Pearson feted by officials, fellow drivers

Tuesday, July 10, 1973 – Less than one week after his victory in the Medal of Honor Firecracker 400 at Daytona International Speedway, driver David Pearson was honored by city and state officials, fellow competitors and citizens of his hometown of Spartanburg, S.C. “David Pearson Day” paid tribute to the 38-year-old, three-time NASCAR premier series champion who had scored a series-best 20 superspeedway victories.

Taking part in the festivities were South Carolina Gov. John C. West, Lt. Gov. Earle Morris, as well as numerous other political figures from the local and state level.

Among the drivers who turned out to honor Pearson were Richard Petty, Bobby Isaac, Cale Yarborough, Bobby Allison and Donnie Allison. Members of the Wood Brothers Racing team, which fielded the No. 21 for Pearson, were on hand as was country musician and racer Marty Robbins.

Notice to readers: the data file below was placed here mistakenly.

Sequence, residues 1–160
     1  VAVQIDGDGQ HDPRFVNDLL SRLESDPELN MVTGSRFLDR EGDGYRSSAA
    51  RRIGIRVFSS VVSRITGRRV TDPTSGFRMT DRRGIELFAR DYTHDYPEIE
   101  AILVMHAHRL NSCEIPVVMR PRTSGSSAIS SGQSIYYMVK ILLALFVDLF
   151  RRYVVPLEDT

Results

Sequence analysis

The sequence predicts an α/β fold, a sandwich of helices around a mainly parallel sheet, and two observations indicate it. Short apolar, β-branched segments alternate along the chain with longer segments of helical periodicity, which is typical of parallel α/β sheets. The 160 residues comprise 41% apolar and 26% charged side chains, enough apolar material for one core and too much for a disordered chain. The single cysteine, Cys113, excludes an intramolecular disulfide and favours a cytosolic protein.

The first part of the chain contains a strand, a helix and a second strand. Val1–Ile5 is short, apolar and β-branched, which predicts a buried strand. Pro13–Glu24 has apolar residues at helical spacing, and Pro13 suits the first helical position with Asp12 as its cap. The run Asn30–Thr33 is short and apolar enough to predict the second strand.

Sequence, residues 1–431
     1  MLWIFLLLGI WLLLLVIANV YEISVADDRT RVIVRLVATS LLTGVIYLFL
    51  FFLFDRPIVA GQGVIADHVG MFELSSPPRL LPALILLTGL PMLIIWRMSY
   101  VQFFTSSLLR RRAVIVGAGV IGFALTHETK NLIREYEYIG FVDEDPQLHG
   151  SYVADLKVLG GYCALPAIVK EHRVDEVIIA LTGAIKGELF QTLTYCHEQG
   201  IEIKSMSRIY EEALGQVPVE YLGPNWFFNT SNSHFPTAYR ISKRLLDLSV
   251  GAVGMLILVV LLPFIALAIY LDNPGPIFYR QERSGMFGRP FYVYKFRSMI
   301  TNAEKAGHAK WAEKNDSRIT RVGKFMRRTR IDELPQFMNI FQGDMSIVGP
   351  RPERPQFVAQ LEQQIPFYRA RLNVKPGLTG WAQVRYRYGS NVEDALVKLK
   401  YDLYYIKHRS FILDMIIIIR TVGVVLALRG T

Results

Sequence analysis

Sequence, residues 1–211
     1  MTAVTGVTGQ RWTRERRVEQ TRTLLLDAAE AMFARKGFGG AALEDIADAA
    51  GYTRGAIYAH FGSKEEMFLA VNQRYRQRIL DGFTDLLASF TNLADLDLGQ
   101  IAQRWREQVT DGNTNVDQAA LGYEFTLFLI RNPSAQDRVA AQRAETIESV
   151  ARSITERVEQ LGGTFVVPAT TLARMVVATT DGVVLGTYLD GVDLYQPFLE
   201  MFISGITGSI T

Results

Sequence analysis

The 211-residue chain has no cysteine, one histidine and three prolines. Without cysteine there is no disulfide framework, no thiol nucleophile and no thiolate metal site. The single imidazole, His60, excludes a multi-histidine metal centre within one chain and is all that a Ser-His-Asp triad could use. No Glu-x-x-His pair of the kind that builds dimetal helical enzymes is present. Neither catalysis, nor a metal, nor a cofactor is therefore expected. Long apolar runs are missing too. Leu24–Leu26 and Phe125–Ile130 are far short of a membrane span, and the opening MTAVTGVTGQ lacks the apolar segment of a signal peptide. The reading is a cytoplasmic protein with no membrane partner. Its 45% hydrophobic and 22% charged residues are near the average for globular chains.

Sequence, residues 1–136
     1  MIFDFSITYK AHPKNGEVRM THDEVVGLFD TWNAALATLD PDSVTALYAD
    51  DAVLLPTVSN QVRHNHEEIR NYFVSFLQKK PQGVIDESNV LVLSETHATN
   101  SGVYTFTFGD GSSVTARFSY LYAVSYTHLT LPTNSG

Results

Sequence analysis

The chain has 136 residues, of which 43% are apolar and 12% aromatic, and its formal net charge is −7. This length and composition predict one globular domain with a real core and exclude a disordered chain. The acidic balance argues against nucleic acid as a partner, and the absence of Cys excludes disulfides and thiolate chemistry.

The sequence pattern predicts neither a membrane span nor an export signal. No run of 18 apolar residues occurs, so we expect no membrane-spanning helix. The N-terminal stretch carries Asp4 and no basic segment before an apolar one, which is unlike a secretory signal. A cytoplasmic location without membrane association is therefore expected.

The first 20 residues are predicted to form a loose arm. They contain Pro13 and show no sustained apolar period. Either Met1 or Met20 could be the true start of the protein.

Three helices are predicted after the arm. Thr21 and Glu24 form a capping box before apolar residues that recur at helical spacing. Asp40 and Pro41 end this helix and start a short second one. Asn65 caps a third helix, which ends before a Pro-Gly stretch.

At a “Roast Pearson” luncheon, much was made of the driver’s somewhat miserly ways. He was presented with a framed cancelled check for $5.22, Pearson’s first prize money from racing. After Pearson stated the amount was likely “about right,” promoter/publicist Joe Littlejohn quipped “You know it’s right. You’ve probably still got it.”

The story was also told about how Pearson was reluctant to spend $15 in order to compete at NASCAR sanctioned events early in his career. Eventually he was convinced and it paid off handsomely. In ’73 he became only the second driver to earn more than $1 million during his career.

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